Kampala, Uganda, the country’s capitol and largest city, sits on a series of beautiful hills that at one time housed the British colonial settlement, and before that, the antelope hunting reserve of its king. Kampala joined Entebbe in 1938 as the first two Ugandan cities to use electric power, and it is a stop on the Uganda Railway. Today, compared to many of the cities of that region, Kampala is modernized, richly diverse, and a center of culture.
Between 1969 and 1972, Maltese and Indian Jesuits entered Uganda with a focus on training clergy, and in 1986, Midwest Jesuits came to accompany the vulnerable, especially refugees, who for decades had entered the country from war-torn neighbors throughout Africa. The initial work also included areas such as spiritual direction, youth ministry, and recovery work. The Ugandan Jesuits’ early partnership with the United Nations High Commission for Refugees (UNHCR)contracted with the Jesuits to meaningfully assist refugees, particularly as it relates to providing psychosocial support and education for refugee children. Worldwide, the Jesuits have supported diasporic peoples through their own organization, Jesuit Refugee Service (JRS). JRS operates in 56 countries and is an international Catholic organization with a mission to accompany, serve, and advocate on behalf of refugees and other forcibly displaced persons, that they may heal, learn, and determine their own future.
This triad of people of God—the Jesuits, UNHCR, and JRS (along with other notable organizations)—has formed a partnership that has become a model for other regions of the world. Today, Uganda hosts more than 1.4million refugees, making it the largest refugee host country in Africa, and Kampala hosts about half of them. Recently the displaced come from South Sudan and the Democratic Republic of Congo.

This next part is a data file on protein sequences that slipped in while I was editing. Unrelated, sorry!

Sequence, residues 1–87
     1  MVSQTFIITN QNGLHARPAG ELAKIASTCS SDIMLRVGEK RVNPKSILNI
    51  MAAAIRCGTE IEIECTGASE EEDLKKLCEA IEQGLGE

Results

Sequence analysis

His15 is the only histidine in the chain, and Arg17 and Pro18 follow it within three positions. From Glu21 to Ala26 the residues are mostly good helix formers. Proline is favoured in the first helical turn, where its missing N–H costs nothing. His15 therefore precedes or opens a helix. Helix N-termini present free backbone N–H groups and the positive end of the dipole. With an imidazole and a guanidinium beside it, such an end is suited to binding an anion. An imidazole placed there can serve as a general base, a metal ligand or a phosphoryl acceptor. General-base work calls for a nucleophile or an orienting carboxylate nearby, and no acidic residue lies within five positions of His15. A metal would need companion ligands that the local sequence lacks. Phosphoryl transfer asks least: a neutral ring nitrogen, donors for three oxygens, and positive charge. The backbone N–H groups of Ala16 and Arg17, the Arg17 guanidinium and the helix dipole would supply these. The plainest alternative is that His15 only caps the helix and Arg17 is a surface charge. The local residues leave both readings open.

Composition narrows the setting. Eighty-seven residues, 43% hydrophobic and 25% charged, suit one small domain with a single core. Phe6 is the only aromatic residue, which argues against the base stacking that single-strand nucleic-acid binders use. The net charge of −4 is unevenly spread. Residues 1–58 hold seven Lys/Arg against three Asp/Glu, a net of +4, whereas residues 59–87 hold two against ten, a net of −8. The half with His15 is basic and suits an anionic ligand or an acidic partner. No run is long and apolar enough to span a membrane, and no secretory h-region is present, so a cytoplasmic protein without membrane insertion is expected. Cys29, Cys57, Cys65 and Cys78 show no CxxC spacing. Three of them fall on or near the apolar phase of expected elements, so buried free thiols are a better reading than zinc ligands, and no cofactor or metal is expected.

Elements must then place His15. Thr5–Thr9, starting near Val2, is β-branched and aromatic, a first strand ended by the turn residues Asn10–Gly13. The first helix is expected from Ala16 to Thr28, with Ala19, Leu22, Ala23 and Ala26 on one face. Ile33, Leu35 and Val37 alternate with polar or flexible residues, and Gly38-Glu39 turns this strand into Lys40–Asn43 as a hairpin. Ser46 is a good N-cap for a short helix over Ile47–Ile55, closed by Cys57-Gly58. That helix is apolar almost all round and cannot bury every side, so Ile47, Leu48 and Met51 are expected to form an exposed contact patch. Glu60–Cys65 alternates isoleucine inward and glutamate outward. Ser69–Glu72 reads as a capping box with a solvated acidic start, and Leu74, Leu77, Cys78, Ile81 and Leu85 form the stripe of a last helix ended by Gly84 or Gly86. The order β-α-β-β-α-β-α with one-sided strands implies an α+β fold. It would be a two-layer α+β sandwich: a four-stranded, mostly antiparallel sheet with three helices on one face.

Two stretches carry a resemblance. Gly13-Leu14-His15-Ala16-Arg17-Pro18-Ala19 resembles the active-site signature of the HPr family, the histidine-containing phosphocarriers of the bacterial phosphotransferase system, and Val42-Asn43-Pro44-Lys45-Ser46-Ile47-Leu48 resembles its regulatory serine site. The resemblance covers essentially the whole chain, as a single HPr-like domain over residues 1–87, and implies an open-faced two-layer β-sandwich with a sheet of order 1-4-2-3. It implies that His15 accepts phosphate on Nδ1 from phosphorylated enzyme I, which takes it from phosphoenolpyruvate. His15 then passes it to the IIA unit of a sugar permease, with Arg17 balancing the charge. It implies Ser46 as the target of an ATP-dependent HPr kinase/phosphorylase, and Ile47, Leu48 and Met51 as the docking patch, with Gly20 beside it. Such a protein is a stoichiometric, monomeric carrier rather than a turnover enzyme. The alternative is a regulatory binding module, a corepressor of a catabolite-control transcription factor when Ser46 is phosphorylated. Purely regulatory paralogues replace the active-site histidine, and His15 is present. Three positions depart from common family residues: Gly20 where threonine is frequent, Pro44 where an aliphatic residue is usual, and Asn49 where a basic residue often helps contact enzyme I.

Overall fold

The Midwest Jesuits have been a close partner with the Jesuits of Eastern Africa for over 30 years for several reasons. The need is great and many of our Jesuits’ spirits are moved to accompany their brothers and sisters of eastern Africa. Plus, the Midwest Province is “twinned” with the Eastern Africa Province, meaning there is a formal relationship between the two blessed by the Superior General of the Society. It is akin to “sharing parishes” in the United States. The relationship and the trust it rests upon allows Midwest Jesuits to be sent to ministries in this region and to grow among the people from whom there is so much to learn.
The Midwest Jesuits hope to raise funds for a unique need in Uganda. Xavier House, where the local Jesuits used to live, is located in Nsambya, in the heart of the city of Kampala, and has organically become a center for the integration of refugee services delivered by the said organizations. Within their Jesuit residence you could hear toddlers chanting the alphabet, the buzz of saws as adults learned livelihood skills such as carpentry, and the many languages of the people who sought guidance in rebuilding their lives.
As the need grew with the South Sudanese war, the priests selflessly turned over the entire Xavier House to JRS, who made the building their Ugandan headquarters. The building is now a hub of activity for refugee services, especially psychosocial support, livelihoods, emergency assistance, and education, and the center hosts the purposeful collaboration between many worthy organizations. The Jesuits there are thrilled to see that the highest and best use of this facility has materialized. Their gift, however, has made them essentially “homeless,” and the province has not been able to assign additional Jesuits there due to this lack of housing. A plot of land has been identified adjacent to the JRS compound (their old community), plans for a more modest structure have been laid, and the Jesuits hope to build a new residence there, which will also function as a “transit house” for those traveling to other distant cities in Uganda such as Gulu. The total cost of the structure and its furnishings is estimated to be $298,000. While the other Midwest Province’s projects and needs continue, this important project will be at the forefront of our efforts. If you have an interest in supporting this need, please contact Ann Greene at firstname.lastname@example.org. Thank you in advance, or as our friends in Uganda would say, webale!